I think we would have to say that the medieval scuba-diver takes the prize for strangest thing ever seen in a fechtbuch!

I can almost imagine people using this as proof of aliens Razz...
View user's profile Send private message
Merv Cannon




Location: Brisbane, Australia
Joined: 15 Jul 2005
Reading list: 13 books

Spotlight topics: 1
Posts: 301

PostPosted: Thu 21 Jun, 2007 6:09 am    Post subject: Exotic western weapons         Reply with quote

Craig Peters wrote:
Also, while it may never have existed, take a look at Fiore's pole axe sword (bottom right guard depicted in the six masters illustration): http://www.aemma.org/onlineResources/liberi/liberi00.htm


Hi Craig...........Do you know if Liberi calls this weapon a "poleaxe-sword" in the translation himself ? I cant see that it is, myself....it looks very much like a two-handed Boar hunting sword to me. Im no expert here, but I just cant make out the äxe" part ! Looks the same as the boar hunting swords that I've seen in both the shape of the speartip point and the cross bar behind it.
Anyone like to add comment on this ?
Thanks !

Merv ....... KOLR
http://www.lionrampant.com.au/

"Then let slip the dogs of war ! "......Woof !
View user's profile Send private message Yahoo Messenger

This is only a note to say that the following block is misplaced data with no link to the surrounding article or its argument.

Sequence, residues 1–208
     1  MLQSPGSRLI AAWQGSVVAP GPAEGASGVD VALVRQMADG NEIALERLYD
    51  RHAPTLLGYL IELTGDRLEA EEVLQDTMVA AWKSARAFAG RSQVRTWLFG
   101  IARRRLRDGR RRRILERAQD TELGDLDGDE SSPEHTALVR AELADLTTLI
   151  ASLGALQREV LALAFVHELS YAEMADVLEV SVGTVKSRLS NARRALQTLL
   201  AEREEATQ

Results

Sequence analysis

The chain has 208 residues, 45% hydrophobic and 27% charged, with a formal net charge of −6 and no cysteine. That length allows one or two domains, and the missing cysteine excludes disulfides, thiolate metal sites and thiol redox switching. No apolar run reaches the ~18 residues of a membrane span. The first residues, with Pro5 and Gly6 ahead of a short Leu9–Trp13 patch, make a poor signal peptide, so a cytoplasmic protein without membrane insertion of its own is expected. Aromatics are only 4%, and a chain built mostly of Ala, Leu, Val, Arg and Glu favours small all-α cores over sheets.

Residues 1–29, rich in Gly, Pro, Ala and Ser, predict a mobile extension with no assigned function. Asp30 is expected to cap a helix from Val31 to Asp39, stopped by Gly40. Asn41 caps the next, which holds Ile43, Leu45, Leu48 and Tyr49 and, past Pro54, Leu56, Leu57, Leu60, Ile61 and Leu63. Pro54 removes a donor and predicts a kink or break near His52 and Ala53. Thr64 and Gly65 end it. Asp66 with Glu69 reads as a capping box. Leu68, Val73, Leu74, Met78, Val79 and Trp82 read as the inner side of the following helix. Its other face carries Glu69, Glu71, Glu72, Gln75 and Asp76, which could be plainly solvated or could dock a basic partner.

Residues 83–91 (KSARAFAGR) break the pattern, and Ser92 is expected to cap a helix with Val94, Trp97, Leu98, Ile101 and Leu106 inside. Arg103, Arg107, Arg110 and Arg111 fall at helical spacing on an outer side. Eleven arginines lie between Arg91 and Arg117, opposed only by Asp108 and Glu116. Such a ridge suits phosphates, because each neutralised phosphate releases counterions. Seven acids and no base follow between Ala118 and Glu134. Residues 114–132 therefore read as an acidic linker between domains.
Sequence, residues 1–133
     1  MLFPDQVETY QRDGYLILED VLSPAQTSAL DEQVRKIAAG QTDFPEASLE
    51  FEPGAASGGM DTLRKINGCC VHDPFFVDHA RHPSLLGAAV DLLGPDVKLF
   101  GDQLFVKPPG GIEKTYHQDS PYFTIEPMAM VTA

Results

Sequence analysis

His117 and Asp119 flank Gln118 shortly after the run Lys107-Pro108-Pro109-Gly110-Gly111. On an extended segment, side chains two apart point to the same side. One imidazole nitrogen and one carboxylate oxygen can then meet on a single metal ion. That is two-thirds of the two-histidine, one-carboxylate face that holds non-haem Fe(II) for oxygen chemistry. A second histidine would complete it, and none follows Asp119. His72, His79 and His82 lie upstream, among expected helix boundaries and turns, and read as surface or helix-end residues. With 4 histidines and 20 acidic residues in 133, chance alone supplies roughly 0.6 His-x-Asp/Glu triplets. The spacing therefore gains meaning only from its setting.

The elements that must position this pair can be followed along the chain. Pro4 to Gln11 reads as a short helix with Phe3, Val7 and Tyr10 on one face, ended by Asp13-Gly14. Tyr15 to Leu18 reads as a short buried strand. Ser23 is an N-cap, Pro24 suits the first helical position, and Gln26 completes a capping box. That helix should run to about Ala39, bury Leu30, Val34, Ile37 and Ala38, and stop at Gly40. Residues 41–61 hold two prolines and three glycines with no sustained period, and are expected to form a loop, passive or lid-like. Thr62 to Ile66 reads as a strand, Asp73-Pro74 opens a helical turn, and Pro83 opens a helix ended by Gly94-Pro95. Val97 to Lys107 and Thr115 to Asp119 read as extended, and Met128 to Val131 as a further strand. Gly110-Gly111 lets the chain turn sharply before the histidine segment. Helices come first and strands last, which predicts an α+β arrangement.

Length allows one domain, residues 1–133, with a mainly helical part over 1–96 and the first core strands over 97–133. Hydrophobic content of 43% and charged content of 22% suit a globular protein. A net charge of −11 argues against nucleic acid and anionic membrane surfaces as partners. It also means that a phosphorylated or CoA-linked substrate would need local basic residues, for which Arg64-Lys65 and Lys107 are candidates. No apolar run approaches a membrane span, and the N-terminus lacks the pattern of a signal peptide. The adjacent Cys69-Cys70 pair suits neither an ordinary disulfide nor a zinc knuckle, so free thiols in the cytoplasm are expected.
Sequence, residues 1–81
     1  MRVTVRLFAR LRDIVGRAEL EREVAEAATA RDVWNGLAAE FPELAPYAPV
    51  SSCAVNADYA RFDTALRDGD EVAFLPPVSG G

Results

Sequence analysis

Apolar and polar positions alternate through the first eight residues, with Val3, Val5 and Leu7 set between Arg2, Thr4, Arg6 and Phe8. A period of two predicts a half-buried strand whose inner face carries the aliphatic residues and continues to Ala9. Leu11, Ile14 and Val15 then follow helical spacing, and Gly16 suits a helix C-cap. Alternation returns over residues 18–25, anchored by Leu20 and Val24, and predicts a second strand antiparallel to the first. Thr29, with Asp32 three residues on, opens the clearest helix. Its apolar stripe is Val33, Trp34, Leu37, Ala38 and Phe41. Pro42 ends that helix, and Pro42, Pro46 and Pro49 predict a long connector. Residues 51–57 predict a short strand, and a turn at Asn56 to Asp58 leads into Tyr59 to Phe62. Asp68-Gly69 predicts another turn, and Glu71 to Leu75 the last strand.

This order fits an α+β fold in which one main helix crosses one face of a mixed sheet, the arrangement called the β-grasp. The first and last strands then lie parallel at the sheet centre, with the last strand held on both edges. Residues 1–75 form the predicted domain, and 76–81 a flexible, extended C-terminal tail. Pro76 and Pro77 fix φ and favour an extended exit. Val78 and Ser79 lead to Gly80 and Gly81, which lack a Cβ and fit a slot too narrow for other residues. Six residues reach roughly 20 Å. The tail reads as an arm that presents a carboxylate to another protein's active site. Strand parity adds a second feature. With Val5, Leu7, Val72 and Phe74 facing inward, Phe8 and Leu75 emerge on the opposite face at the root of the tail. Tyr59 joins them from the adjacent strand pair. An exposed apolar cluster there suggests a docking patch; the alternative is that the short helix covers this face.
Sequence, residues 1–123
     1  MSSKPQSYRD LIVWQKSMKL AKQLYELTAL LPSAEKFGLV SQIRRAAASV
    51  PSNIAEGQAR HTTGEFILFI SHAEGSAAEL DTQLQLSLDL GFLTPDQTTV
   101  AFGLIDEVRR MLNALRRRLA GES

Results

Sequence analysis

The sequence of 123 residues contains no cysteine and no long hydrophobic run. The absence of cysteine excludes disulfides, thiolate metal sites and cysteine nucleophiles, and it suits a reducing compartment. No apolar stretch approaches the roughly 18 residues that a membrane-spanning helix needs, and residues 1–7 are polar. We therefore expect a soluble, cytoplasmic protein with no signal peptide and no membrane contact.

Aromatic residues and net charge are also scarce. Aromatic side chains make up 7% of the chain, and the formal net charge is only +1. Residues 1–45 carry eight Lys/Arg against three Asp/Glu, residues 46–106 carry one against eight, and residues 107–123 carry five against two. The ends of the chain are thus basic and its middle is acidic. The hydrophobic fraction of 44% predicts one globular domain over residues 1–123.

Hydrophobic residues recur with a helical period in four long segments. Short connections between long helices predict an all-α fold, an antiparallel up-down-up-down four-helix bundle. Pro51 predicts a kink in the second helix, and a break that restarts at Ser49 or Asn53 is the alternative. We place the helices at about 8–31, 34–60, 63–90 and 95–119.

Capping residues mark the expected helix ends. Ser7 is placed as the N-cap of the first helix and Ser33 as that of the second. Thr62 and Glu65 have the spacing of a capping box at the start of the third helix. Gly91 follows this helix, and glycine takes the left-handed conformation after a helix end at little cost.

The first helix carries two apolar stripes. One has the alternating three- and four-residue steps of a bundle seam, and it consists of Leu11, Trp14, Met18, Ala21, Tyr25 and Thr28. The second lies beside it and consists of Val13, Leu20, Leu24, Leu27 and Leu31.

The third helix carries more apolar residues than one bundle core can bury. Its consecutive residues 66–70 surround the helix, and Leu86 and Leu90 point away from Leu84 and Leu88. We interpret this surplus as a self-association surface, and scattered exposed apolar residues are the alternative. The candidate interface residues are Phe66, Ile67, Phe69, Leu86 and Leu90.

Craig Peters




PostPosted: Thu 21 Jun, 2007 6:17 am    Post subject:         Reply with quote

The text accompanying this image says something along the lines of "Excuse this sword for the sword and for the pole-axe/ In weapons and without who for me to use with ease."
View user's profile Send private message
Gary A. Chelette




Location: Houston, Texas
Joined: 29 May 2007
Reading list: 2 books

Posts: 337

PostPosted: Thu 21 Jun, 2007 6:27 am    Post subject:         Reply with quote

Michael Clark wrote:
I know it's not all that relevant, but I just had to note it: the three-sectioned staff was more equipment for Wu Shu (a chinese martial art) than a weapon.


I took my first black belt test with this weapon many years ago and I had to know it's history and it's use. It was a weapon and was also used to to dislodge riders from their horses.
The Sanjiegun, was also used for defense against spears and other long weapons.it also has the advantage of being used both as a long-range weapon or a short-range weapon acting as an extension of the users arm.

It's a most difficult weapon to use and can be a very beautiful weapon to watch in the hands of a master.

Are you scared, Connor?
No, Cousin Dugal. I'm not!
Don't talk nonsense, man. I peed my kilt the first time I went into battle.
Oh, aye. Angus pees his kilt all the time!
View user's profile Send private message MSN Messenger


Display posts from previous:   
Forum Index > Historical Arms Talk > Exotic European Weaponry.
Page 1 of 2 Reply to topic
Go to page 1, 2  Next All times are GMT - 8 Hours

View previous topic :: View next topic
Jump to:  
You cannot post new topics in this forum
You cannot reply to topics in this forum
You cannot edit your posts in this forum
You cannot delete your posts in this forum
You cannot vote in polls in this forum
You cannot attach files in this forum
You can download files in this forum






All contents © Copyright 2003-2018 myArmoury.com — All rights reserved
Discussion forums powered by phpBB © The phpBB Group
Switch to the Basic Low-bandwidth Version of the forum